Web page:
Windsor CompaniesTraditional Landscape, Minneapolis
The entire grounds of this Lake Minnetonka home was renovated as part of a major home remodel.
The orientation of the entrance was improved to better align automobile traffic. The new permeable driveway is built of recycled clay bricks placed on gravel. The remainder of the front yard is organized by soft lawn spaces and large Birch trees. The entrance to the home is accentuated by masses of annual flowers that frame the bluestone steps.
On the lake side of the home a secluded, private patio offers refuge from the more publicly viewed backyard.
This project earned Windsor Companies a Grand Honor award and Judge's Choice by the Minnesota Nursery and Landscape Association.
Photos by Paul Crosby.
What Houzz contributors are saying:
How to use it. Pachysandra is a great pick for a border garden. Its lighter green color also creates contrast next to hedges and evergreens.I spoke with landscape architect Meg Arnosti of Windsor Companies about using Pachysandra responsibly. "Pachysandra is not considered to be invasive in Minnesota," she says, "and on the list of invasive plants from the USDA it is in the final category, 'Local Concern and Monitoring.' When we use it, it is always bound by edging to keep it in place. It spreads very slowly, and I have never experienced it growing out of bounds, nor have I heard complaints from my many gardener friends."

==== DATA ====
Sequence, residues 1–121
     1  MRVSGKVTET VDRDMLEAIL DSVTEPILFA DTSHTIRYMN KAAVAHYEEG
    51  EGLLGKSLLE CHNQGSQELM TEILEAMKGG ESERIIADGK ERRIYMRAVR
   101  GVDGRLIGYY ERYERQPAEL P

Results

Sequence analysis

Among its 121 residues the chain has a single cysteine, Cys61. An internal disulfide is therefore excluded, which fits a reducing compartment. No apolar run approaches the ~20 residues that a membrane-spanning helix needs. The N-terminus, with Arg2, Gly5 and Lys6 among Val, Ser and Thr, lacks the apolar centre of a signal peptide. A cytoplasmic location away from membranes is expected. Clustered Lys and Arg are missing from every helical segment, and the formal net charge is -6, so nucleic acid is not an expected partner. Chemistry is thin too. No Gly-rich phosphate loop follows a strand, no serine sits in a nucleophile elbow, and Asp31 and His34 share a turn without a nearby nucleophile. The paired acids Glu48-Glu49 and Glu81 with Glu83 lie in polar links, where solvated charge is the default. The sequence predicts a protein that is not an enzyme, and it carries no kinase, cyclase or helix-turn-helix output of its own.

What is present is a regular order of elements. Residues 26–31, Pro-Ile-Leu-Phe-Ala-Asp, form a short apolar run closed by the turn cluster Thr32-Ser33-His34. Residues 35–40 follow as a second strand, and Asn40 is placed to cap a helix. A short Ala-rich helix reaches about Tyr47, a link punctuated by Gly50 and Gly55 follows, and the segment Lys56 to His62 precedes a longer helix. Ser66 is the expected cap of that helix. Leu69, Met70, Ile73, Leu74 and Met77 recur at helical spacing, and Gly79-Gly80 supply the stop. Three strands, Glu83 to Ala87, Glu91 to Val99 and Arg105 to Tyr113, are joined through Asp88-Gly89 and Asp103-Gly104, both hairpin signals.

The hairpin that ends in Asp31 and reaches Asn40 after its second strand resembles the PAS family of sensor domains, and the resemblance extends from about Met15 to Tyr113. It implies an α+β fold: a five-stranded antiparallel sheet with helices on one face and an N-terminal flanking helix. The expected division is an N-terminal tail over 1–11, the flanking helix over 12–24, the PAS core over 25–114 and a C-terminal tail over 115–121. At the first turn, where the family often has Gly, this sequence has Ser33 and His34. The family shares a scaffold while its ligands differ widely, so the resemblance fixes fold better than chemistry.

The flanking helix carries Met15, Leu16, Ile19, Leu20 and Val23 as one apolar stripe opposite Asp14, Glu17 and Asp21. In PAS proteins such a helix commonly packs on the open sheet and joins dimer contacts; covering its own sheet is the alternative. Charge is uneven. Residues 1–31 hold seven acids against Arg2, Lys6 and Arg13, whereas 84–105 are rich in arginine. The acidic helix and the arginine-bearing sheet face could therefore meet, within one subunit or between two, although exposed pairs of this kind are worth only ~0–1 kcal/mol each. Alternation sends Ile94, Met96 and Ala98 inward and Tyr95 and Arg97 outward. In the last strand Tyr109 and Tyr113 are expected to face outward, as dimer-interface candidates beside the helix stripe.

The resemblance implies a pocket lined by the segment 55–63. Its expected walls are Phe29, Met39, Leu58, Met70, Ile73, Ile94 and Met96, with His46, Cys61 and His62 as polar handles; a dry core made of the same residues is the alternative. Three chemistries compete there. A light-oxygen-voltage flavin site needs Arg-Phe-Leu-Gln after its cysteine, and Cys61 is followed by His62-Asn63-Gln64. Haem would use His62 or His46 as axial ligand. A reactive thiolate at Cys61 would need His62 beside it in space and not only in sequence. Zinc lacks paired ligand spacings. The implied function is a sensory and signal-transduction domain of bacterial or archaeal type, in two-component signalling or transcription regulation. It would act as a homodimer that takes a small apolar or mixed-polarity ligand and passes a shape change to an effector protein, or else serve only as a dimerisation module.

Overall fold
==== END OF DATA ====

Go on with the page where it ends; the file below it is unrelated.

While the ingredients are quite traditional — a lawn, ground cover, flowering shrubs and a specimen tree — this design utilizes shape quite well. The overall look is sophisticated, beginning with the strong, rounded lawn and continuing to the curved planting bands that emanate from it, all the way to the arborvitae hedge, which provides mass at the perimeter of this lovely, green garden.More:Garden Sculptures Shape the Landscape
8. Tree removal. Smaller trees (say, 10 or 15 feet high) are OK to cut down on your own, but anything larger should have you speed dialing the tree service. First, amateurs and chainsaws rarely mix well. Then there's the art of gauging where the tree will fall — miss the mark, and it could hit a power line or crush a wing of your house. And trying to balance up high while you saw off limbs is an ER visit waiting to happen.